The art world has gone so far as to put on a VR-based gallery exhibit, essentially creating a new medium for painting in the process. Gretchen Andrew is an artist who used to be immersed in the tech world via her position at Google, where she worked in the internal products department, but then she decided that the tech life wasn’t for her, so she moved to London and took up painting full time. During this time, she began to learn “the extent to which she can use emerging technologies and [their] discoveries to impact the art world.”
Andrew proceeded to have an art exhibition based on her artwork created with the help of virtual reality technology—but she’s not the only one. Interestingly enough, both art exhibits claimed to be “the world’s first virtual reality art exhibition,” though perhaps that announcement came as a result of the slow, faulty timing of art exhibits in general. In any case, virtual painting technology has a number of potential uses, including interior design, architecture, engineering, fashion design, city planning, and fine art.
Reporting has been going through some growing pains for, oh, the last twenty years or so—largely because of the growth of Internet reporting and the slow death of the physical newspaper. Despite this transition from the physical to the digital world, reportage and journalism are alive and well: they’re simply taking on different forms. One of these is virtual reality—so much so that The New York Times is developing an entirely new vehicle for reporting news, and the vehicle is VR.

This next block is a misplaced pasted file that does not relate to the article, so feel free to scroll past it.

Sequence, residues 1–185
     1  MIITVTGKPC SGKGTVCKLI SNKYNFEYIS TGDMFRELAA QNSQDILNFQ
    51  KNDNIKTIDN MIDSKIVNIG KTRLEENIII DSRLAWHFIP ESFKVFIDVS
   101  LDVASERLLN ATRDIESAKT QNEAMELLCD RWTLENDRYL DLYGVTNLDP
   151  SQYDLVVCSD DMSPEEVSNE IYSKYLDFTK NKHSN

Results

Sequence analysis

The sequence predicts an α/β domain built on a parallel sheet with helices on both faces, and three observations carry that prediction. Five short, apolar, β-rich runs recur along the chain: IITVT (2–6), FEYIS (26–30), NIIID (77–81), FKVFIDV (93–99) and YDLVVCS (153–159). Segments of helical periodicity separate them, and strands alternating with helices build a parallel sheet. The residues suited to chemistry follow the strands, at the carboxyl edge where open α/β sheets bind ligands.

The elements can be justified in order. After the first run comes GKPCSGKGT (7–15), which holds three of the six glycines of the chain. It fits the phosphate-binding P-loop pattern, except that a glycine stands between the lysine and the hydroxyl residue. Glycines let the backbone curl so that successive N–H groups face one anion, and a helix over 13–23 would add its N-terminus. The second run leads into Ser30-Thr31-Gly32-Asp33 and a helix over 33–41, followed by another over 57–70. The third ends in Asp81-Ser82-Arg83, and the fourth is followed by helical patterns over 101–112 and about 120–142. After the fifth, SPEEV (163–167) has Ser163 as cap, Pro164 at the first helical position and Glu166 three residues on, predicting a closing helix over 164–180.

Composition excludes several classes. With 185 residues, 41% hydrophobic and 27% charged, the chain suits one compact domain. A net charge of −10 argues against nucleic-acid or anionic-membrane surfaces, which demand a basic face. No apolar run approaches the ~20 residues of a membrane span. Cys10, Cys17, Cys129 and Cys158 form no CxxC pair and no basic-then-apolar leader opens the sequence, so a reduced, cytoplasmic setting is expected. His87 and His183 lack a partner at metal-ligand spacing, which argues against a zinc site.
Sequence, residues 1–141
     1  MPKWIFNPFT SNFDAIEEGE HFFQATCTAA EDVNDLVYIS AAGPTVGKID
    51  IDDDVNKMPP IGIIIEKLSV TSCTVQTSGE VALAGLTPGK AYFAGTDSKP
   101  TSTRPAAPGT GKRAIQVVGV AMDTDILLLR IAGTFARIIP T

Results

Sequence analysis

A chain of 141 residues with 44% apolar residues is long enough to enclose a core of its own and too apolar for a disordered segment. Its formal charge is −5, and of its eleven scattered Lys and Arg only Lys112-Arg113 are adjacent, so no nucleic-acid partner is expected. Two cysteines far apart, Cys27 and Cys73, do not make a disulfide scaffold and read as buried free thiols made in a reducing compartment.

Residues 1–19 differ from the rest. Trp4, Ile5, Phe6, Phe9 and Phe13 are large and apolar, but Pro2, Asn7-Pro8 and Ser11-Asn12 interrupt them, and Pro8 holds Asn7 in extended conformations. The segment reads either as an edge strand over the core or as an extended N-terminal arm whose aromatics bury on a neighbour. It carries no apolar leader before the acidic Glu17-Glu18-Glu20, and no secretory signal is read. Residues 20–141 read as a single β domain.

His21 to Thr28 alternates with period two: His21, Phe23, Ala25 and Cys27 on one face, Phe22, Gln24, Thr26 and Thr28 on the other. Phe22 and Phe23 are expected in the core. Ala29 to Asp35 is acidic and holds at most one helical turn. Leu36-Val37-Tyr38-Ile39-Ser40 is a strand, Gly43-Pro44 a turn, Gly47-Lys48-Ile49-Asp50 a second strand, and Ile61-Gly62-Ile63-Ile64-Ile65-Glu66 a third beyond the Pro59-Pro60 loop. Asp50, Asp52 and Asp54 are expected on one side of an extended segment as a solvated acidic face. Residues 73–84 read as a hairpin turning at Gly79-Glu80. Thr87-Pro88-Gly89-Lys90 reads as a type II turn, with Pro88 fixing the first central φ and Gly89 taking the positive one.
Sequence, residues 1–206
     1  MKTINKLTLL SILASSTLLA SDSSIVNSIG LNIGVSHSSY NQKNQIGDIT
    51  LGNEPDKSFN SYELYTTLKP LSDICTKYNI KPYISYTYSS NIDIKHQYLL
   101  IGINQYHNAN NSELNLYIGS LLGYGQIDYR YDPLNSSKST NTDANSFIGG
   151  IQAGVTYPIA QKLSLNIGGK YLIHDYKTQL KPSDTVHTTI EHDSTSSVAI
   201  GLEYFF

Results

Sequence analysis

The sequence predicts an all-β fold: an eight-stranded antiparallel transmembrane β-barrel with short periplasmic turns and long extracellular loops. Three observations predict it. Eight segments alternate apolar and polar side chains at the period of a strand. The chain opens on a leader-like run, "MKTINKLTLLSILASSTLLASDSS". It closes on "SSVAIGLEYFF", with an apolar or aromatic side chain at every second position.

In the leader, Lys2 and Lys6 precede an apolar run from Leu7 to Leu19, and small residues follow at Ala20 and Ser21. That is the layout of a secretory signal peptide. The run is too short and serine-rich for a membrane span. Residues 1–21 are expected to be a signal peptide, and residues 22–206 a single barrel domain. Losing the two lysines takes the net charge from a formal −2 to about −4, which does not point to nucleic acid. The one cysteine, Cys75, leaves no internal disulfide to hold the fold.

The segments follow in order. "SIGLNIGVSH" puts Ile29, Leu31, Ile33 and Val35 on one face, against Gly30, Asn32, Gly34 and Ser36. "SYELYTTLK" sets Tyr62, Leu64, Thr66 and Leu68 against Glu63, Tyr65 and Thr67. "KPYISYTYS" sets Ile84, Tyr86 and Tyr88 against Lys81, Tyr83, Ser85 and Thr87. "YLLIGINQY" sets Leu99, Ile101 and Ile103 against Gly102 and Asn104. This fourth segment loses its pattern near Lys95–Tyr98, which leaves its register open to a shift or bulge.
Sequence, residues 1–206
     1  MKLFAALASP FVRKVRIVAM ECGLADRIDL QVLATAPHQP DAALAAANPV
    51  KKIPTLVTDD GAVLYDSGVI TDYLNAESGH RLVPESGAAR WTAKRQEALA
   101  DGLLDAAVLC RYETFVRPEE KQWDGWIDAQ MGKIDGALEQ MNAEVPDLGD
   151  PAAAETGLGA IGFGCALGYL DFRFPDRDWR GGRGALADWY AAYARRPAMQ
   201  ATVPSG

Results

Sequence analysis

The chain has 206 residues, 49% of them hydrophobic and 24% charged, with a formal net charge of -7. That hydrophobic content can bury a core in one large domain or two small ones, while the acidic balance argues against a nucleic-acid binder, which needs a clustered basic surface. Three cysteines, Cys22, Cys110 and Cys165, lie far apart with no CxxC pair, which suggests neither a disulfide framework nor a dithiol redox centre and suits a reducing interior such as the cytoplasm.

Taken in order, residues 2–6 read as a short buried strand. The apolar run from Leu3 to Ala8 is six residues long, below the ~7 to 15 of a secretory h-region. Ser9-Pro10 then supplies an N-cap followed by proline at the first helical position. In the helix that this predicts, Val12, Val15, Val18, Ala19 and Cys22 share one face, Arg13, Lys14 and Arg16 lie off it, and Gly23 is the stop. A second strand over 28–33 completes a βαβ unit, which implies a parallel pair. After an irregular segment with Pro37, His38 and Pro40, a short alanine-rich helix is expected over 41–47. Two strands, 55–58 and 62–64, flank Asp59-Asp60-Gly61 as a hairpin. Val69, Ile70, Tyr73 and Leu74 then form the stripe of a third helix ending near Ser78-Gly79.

One major reason behind the use of VR—also known as immersive journalism—is that it builds feelings of empathy in the viewer. For many issues such as homelessness or widespread refugee displacement, the ability to experience the world from the perspective of the people involved allows readers and Internet users the ability to truly understand the situation in a way that feels much more real than traditional reportage.
One pioneer in this field is Nonny de la Peña, whose ideas on immersive journalism first surfaced in 2010 and became the foundation for what The New York Times is launching soon with their NYT VR-based series. De la Peña created a film called Hunger in Los Angeles that debuted at Sundance Film Festival in 2012 and garnered quite a bit of national attention. However, homelessness in Los Angeles and elsewhere—such as the Bay Area—continues to be persistent and chronic in nature. Because of this, other journalists and social justice advocates are creating similar VR-based, immersive-journalism documentaries in order to help combat widespread apathy and ignorance about this complex, ongoing issue.
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Contrary to popular belief, women have been instrumental to the history of VR: from discovery and expansion to rise and development; however, more of us are needed to help catapult the technology to more inclusive and diversified purposes. Let the leaping begin!
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Image Source: Flickr/Fabrice Florin